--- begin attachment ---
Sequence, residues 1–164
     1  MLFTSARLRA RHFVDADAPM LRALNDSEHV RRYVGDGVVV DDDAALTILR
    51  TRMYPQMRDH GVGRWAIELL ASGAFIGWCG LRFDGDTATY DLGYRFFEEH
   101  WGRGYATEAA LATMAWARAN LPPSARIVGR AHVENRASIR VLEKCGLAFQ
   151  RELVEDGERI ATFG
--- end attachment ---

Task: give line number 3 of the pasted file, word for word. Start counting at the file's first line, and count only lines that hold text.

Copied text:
    51  TRMYPQMRDH GVGRWAIELL ASGAFIGWCG LRFDGDTATY DLGYRFFEEH